Special Accommodations

  • Students for whom English is a second language may request up to an additional 48 hours for the exam - this means that the response would be due by 5pm on the 5th day.
  • Students with documented special needs may make requests for changes in format (i.e., time allotment). Requests must be received at the time of the application, unless a special need is formally documented after the application, in which case the request should be forwarded as soon as possible after documentation.

Past questions


Part 2


Research and Inquiry Artifact

Description

The intent of Part 2 of the comprehensive exam is to assess students’ ability to prepare an authentic scholarly artifact in a manner that approximates current practices in the field for research and publication. The expectation is that students prepare a single-authored scholarly artifact that addresses a significant and timely question using appropriately employed standards of rigor for the genre and methodological tradition that withstand the examination of peer review. The Part 2 task requires students to draw upon a specific domain of scholarship as they author an original piece that is significant, sound, rigorous, and clear. It is meant to be an assessment of a student’s knowledge base on a specific topic or issue. The format of the exam (no time period specified, single authored, but in collaboration with the guidance committee), is used to assess students’ skills at producing a long-form scholarly artifact efficiently and independently (with feedback) given the single constraint of sole authorship.

Format

  • In collaboration with their committee, students will design and submit a scholarly artifact of their choice.
  • Students may draw from a wide variety of genres and artifacts, including educational inquiry, critical literature reviews, position papers, scholarly analysis of education artifacts and issues of practice (i.e., teaching reflections and course analyses), or a detailed policy brief.
  • Artifacts should be 12,000 words or fewer
  • Artifacts can be previously published if the student is the sole author

Time Limit

Artifacts will be due on a date mutually agreed upon by the student and their committee, which must be in the same semester for which they enroll in the comprehensive exam. Students may begin to work on artifacts as early as they desire. While there are no formal requirements for formative feedback, students are encouraged to seek critical input from peers and experts in the field.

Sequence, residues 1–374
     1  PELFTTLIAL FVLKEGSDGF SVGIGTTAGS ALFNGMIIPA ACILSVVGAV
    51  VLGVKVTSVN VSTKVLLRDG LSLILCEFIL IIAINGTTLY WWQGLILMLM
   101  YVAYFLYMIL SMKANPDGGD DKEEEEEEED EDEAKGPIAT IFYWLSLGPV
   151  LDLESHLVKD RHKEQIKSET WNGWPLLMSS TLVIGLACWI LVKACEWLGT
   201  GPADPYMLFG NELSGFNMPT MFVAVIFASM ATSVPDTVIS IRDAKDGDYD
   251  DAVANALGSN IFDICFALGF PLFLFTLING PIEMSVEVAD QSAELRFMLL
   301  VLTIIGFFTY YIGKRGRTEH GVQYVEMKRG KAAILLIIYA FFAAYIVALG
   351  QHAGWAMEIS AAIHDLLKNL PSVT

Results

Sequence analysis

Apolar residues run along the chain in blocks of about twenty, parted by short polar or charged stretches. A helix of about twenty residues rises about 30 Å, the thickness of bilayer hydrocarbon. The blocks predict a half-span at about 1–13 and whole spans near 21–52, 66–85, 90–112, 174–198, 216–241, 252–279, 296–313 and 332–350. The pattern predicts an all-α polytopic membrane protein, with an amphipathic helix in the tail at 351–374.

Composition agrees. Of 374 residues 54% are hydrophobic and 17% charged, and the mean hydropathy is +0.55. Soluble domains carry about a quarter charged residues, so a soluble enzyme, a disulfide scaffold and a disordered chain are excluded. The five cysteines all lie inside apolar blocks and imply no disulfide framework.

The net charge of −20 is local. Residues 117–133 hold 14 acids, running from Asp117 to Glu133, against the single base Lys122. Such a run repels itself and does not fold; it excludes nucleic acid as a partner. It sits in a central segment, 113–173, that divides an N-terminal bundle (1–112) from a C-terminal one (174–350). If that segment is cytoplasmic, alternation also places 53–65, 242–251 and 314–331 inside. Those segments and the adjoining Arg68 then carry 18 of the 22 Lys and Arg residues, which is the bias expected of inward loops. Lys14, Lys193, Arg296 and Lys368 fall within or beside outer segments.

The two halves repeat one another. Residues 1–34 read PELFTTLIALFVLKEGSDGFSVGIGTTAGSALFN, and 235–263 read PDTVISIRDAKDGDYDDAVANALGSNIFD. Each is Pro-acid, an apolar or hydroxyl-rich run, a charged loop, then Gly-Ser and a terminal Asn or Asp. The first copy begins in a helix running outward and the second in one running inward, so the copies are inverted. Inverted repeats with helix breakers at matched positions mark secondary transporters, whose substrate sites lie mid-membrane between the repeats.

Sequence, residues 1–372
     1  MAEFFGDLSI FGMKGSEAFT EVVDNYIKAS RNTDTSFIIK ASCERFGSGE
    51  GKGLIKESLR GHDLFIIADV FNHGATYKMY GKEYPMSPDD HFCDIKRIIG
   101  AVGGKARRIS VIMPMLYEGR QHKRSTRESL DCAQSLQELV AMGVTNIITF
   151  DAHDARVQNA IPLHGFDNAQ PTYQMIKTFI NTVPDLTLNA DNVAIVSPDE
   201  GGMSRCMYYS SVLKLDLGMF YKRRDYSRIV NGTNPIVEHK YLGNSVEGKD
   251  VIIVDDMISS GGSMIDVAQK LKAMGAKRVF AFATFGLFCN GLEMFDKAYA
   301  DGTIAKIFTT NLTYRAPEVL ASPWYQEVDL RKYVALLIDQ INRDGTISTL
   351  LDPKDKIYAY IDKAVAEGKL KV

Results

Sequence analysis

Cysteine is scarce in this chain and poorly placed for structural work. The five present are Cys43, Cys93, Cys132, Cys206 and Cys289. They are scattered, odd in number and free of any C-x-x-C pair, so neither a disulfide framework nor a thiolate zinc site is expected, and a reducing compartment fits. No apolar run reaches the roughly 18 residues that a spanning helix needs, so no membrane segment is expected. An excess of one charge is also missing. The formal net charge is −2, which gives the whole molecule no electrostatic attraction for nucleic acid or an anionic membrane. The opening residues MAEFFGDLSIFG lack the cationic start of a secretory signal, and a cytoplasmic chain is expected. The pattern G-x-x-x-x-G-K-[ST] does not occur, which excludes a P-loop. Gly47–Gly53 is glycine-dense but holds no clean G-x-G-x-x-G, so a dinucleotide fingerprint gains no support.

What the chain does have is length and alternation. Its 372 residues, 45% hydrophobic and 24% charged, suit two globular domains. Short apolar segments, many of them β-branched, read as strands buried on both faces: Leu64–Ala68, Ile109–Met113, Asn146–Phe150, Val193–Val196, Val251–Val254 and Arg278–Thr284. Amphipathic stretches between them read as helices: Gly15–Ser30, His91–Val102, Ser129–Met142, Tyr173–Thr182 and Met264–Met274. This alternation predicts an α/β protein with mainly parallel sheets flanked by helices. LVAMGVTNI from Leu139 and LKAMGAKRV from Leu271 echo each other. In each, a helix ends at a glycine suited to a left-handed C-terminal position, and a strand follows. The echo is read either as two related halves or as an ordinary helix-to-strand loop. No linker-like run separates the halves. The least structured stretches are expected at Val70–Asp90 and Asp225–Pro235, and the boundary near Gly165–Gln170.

Authorship

Must be single-authored by student.

Special Accommodations

Students with documented special needs may make requests for changes in format. Requests must be received at the time of the application, unless a special need is formally documented after the application, in which case the request should be forwarded as soon as possible after documentation.

Special Note

The practicum paper or report is intended to fulfill a very different requirement of the doctoral program, namely ensuring that every TE doctoral student, and not just Research Assistants, gain some experience in conducting research before the dissertation stage. Therefore submission of that paper or report in the same form as submitted for the practicum is not allowed to fulfill the Part 2 comprehensive examination requirement. However, a substantially revised version of that report, one that is written in such a way that approximates current practices in the field for publication, is acceptable to fulfill the Part 2 requirement. It is up to the student’s adviser to determine if adequate revisions to the practicum artifact are made to allow it to be submitted for the Part 2 requirement.


FAQs


1) What if I passed part of option 1 (or option 2) in a previous semester? Can I just do part 1 (or part 2) of the new option in order to pass comps?
You must complete either the entire comps process for whatever option you initially began, or the entire process of the revised format.
For example, if you passed part of Option 1 comps in a previous semester, but not the other parts, you must either finish the rest of Option 1 comps or apply for the revised format and do both Part 1 and Part 2 of it.

2) How is part 1 different from the current option 1?
They are similar in that both ask you to develop an argument with respect to a given question and substantiate it with relevant literature.
They are similar in that the questions are meant to be broad enough so as not to be "content" exams, that is, exams based on a canon of TE-related literature.
They are different in that the revised format gives you more time and asks for a longer response.

3) How is part 2 different from the current option 2?
The part 2 artifact is not that different from the department level Option 2 artifact. Both are meant to be single-authored write ups of educational research and inquiry. The key differences are these:
  • External formative and summative reviews are no longer required. You are encouraged to seek such feedback from peers and leaders in your field on this artifact. However, the formal process is no longer required.